Extrasensory Perceptions: Fortean Poetry

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Though let’s be honest, it’s seriously slippery.

Some upcoming and ongoing projects:

I’m delighted to be running a weekend of Fortean Poetry for The Poetry School on May 11th and 12th at their base in Canada Water, London.

How can our writing explore the edges of our understanding – or even beyond it?

How might we engage with phenomena or experiences beyond the ‘normal’ in our poetries?

Hope to see you there…

(Feel free to connect telepathically, via ESP or EVP if any of these abilities are available to you.)


This morning, we had the last of six workshops of the Beyond Words project with Cheltenham Literature Festival. 

We’ve created manifestos in Victorian classroom of Gloucester Life Museum, spooky stories in Manor by the Lake, explored haiku (and had our own Gingko Walk) in the snowy grounds of Sudeley Castle, discovered our Power Animals in the Nature in Art Gallery, and today created paint colour and praise poems in The Wilson, Cheltenham.

Now it’s on to creating our anthology – and I’m so looking forward to seeing this progress. The group have been wonderful and it’s been a treat to work in all these inspiring locations.


Tomorrow, I’ll be back up in Bristol Museum and Art Gallery, for our next Max Literacy Award workshop. I’m working with the museum service and Compass Point Primary school on developing ways to engage kids in the painting collections there – and we’ve been trying out inhabiting our expertise through ‘Nom de Plumes’ and ‘Expert Name’ personae.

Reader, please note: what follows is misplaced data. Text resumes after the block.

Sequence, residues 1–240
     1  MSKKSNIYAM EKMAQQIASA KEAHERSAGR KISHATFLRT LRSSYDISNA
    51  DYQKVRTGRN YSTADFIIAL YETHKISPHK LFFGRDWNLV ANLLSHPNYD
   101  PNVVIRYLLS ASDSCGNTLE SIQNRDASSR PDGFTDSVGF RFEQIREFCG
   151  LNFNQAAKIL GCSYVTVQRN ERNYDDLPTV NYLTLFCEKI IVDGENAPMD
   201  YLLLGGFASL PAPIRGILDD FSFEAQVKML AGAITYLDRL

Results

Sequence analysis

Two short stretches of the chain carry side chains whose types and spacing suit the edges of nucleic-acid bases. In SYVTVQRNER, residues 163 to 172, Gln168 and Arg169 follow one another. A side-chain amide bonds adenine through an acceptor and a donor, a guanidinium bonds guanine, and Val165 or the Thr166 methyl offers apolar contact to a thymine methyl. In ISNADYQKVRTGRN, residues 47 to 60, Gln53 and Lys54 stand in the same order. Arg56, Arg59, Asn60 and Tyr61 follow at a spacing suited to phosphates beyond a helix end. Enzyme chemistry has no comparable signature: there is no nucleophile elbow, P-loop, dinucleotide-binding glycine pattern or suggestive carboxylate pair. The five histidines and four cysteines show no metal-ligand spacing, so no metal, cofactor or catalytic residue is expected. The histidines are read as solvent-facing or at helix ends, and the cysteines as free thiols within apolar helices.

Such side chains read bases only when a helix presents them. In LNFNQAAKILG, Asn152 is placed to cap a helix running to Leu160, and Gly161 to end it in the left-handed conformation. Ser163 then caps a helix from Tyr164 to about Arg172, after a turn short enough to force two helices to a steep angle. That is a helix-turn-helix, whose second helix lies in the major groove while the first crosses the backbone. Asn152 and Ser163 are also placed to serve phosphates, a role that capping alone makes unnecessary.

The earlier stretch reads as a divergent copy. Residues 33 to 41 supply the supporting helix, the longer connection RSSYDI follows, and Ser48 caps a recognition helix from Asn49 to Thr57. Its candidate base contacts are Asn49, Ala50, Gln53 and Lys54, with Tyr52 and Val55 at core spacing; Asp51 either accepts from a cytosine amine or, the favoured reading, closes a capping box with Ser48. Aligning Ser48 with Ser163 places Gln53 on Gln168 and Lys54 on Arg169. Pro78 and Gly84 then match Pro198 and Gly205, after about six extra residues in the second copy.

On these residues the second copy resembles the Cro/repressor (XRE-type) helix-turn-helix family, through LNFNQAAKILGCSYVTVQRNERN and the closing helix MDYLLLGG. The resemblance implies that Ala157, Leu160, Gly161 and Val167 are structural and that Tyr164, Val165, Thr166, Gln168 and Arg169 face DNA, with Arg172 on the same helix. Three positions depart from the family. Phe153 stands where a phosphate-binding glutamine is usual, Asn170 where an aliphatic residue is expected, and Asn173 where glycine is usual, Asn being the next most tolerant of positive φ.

We’re working towards the creation of resource boxes for those visiting the Museum and to go out to schools. It’s a deligthful challenge and continues to bring together my love of both visual art, museums and creative writing (especially poetry, of course).

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Osteochondritis Dissecans

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“desecrated spaces, the rivers
of me, these capillaries drying up
at their tips”

Last Wednesday, I ran the last workshop (of four) at M Shed museum, around their excellent Skeletons exhibition.

As well as spending time with loads of brilliant young writers, from three schools and those who’d come to the summer holiday workshop – I felt like I’d gotten to know those bones rather well.

Being as I like to model reading out writing I’ve just written, I did a lot of it before and during the sessions. We looked at Simon Armitage’s poem Ankylosing Spondilitis (which appears in the anthology Signs and Humours: The Poetry of Medicine) during the workshops – and I encouraged participants to find a term in the exhibition and write around it. This is what I came up with:

Osteochondritis Dissecans
– after Simon Armitage, Ankylosing Spondylitis
– for all the Skeletons.

Osteo – relating to the bones
chond – conned – chondritis – itis
which makes things inflammatory
and dissecans – like desiccated coconut
like desecrated spaces, the rivers

of me, these capillaries drying up
at their tips, ceasing to flow, ground
of my bones splintering, tilting up